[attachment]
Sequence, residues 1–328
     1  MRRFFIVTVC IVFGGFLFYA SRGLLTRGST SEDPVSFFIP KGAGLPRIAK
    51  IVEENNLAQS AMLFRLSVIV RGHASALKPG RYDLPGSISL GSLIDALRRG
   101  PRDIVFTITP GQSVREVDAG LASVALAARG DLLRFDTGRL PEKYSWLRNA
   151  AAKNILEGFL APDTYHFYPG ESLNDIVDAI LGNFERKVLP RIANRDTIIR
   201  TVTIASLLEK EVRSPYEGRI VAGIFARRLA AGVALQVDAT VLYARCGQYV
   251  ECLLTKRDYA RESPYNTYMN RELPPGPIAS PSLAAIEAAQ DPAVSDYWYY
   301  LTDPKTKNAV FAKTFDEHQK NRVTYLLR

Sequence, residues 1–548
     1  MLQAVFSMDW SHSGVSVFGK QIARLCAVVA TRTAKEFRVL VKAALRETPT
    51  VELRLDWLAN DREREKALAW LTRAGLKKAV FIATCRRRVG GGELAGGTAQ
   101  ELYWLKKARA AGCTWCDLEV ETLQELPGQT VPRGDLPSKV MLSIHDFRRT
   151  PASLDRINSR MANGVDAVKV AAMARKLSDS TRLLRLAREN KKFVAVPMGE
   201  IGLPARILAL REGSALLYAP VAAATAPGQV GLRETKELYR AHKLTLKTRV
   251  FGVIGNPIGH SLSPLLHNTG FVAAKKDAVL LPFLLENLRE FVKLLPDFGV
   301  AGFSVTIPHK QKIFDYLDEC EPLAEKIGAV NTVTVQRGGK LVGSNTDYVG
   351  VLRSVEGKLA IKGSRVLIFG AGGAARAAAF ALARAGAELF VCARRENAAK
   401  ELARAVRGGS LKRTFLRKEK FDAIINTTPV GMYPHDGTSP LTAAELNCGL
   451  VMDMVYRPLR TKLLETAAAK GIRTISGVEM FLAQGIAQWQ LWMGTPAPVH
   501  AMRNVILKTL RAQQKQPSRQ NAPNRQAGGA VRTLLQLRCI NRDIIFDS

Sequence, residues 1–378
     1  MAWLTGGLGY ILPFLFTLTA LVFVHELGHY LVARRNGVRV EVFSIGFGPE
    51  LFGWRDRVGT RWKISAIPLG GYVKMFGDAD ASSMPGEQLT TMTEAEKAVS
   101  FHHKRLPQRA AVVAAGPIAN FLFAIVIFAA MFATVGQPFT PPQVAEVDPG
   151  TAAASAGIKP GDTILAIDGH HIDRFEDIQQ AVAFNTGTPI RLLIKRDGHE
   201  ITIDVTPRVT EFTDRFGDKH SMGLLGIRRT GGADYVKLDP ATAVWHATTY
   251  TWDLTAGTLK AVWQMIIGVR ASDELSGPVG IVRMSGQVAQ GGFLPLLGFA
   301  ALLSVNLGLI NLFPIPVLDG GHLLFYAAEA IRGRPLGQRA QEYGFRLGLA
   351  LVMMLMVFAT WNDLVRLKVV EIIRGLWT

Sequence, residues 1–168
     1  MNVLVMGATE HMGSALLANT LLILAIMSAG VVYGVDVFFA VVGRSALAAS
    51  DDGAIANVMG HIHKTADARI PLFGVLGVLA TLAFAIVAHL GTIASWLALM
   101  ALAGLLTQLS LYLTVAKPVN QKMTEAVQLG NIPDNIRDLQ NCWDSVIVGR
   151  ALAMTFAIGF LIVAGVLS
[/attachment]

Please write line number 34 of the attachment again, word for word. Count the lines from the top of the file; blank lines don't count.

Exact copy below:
   151  ALAMTFAIGF LIVAGVLS